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Gnome
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Joined: Wed Jul 05, 2006 12:17 am
Location: Western PA USDA Zone 6A

Ken,

Yes you have styling options. Through wiring and/or pruning you can change the shape of your tree. It might be best to wait until next year though. This will give the plant some time to recover and you some time to consider your options.

Norm

ynot
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Posts: 1219
Joined: Tue Sep 19, 2006 8:49 am
Location: USDA Z:5a Sunset Z. 41 IL

kenb wrote: I would like to take the juniper that I have and start making it go upright. do you think that is possible?

Ken
Sure, Given enough time :).

As Gnome points out: 'Now' is not the time to be initiating this.

Now is the time to be formulating your plan on how to get it where you want it to be.

ynot

kenb
Cool Member
Posts: 79
Joined: Sun Aug 19, 2007 7:15 pm
Location: INDIANA

i have been looking at upright junipers and i think i like the style better then the cascade or wind swept look.. i think that i will wire it up in the spring after i repot it in a bigger and more shallow pot.

that is if i don't kill the poor thing :D

kenb
Cool Member
Posts: 79
Joined: Sun Aug 19, 2007 7:15 pm
Location: INDIANA

just a quick ?

i know that it can take a few months before a dying juniper will show signs of it.. is it safe to say that mine is going to be ok? from the first pictures i posted, i removed all the brown needles by pinching them off. i only water it when it is almost dried out. full sun most of the day.. that said.. i have no more brown needles and it is still dark green.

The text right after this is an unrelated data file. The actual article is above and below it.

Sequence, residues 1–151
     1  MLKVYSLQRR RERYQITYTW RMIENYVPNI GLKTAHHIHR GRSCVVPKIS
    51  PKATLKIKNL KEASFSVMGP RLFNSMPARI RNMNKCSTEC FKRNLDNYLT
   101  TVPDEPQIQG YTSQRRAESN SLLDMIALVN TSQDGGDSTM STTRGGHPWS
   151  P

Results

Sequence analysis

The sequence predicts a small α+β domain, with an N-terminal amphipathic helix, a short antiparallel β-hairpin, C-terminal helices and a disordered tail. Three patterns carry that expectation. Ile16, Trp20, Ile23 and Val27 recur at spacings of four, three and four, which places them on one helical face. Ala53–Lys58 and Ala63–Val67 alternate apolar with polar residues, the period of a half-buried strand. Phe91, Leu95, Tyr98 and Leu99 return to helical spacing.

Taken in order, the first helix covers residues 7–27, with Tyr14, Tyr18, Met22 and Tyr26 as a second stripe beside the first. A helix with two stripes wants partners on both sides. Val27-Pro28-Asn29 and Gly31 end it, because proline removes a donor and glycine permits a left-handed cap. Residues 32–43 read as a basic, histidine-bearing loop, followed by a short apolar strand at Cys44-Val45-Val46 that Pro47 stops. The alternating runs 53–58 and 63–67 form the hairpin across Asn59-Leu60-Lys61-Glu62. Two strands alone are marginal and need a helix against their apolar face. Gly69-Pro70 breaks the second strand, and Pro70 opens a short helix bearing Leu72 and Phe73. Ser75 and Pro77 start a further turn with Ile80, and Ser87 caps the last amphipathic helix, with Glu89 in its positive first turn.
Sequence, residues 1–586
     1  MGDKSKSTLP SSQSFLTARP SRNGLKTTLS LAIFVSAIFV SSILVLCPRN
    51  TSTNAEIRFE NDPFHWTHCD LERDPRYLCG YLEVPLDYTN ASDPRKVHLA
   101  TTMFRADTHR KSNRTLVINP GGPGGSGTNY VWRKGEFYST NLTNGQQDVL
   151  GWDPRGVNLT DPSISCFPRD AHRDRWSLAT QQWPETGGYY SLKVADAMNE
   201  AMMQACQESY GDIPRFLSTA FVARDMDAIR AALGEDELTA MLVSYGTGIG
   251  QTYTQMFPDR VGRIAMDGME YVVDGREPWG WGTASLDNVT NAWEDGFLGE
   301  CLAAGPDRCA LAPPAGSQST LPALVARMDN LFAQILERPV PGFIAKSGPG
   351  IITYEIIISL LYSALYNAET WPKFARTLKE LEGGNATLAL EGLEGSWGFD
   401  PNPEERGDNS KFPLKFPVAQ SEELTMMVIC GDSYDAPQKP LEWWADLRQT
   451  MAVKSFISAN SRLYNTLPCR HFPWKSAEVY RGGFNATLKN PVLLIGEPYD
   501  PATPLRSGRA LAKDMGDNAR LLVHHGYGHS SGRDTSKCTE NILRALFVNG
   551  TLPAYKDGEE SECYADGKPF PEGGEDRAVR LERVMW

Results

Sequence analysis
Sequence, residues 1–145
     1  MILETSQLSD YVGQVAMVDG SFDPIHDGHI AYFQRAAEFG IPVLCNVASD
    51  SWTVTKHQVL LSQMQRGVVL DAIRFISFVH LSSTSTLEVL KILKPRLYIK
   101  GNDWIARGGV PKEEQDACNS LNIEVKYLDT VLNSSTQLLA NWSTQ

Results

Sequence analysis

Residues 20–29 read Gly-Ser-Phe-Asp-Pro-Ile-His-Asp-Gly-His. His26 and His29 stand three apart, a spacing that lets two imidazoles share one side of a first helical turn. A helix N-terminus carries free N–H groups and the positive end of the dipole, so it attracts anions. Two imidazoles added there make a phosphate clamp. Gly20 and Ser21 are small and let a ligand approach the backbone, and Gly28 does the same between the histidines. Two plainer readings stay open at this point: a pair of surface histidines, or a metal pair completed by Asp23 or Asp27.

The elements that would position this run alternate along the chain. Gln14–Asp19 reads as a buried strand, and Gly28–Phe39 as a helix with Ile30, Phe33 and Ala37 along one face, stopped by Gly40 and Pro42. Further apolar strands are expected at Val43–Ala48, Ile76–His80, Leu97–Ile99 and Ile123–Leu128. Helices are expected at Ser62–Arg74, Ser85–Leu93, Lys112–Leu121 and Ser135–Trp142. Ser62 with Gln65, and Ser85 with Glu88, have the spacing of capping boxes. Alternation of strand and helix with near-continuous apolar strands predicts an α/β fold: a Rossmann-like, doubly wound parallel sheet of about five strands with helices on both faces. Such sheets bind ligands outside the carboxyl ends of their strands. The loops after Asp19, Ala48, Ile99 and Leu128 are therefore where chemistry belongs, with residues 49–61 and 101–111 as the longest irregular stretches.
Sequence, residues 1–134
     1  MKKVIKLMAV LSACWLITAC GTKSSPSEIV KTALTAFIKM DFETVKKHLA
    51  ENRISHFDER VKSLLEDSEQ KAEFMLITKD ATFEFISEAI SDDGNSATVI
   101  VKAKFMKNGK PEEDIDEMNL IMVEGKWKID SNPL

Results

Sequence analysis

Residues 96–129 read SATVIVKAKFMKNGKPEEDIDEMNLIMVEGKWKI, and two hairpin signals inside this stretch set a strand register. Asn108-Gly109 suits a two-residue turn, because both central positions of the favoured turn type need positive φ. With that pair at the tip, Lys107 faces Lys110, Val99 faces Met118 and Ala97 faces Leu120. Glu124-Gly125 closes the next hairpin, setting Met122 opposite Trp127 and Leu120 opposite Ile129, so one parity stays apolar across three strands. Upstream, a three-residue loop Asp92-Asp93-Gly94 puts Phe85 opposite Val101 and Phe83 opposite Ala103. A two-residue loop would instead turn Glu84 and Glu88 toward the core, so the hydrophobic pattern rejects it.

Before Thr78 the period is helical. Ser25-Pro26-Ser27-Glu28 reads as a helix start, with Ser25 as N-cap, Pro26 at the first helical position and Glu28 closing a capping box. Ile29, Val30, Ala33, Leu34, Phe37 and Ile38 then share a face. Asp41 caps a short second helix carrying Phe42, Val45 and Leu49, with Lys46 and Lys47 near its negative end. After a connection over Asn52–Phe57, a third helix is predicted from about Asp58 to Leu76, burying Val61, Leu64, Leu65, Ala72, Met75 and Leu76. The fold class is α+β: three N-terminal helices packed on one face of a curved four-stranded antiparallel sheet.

i would figure that if it were going to die it would show signs of it by now.. wouldn't you?

alexinoklahoma
Senior Member
Posts: 273
Joined: Mon Sep 03, 2007 8:21 am
Location: Central Oklahoma

It probably is going to be OK overall eventually - but until you see *new* growth, nothing is assured basically. Once 'healed', they're pretty tough with full hot sun (unless winter, of course) and non-soggy waterings/soil, etc.

I would not try to do *too* much bending of trunk/branches as you *might* cause little micro-fractures of sap-carrying structures, or open tiny holes or cracks within bark, or such type injuries that will leave you scratching your head as to what the heck happened to stuff distal to that bend. You might get more browning needles (or entire branchings!) when you least need/want them from such un-visible trauma. Junipers can be slower to get back on the happy-trail than other species, IME.

Non-stressful, or minimally-so, bendings held in place (wired or whatever) can be done over longer periods to let the tissues stretch and accomodate their new requirements that new positions place upon life-support structures. The more hurried you are, the more worried you are -> basic rule number 3 of bonsai, I guess ;)

Alex

Alissamae323
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Posts: 5
Joined: Sun Jul 19, 2015 10:06 pm
Location: Nebraska

Re: New to Bonsai.. Is my Juniper dying?

I just joined the site, and this thread helped so much.
I'm in the exact same boat. I just got my bonsai as a gift and there's some brown needles as well. I'm not even sure what species mine is, but it looks like the one you pictured.
You just pinched off the brown needles and the bonsai began to look healthier?

Thanks!

Never mind. Didn't see the second page when I posted this...



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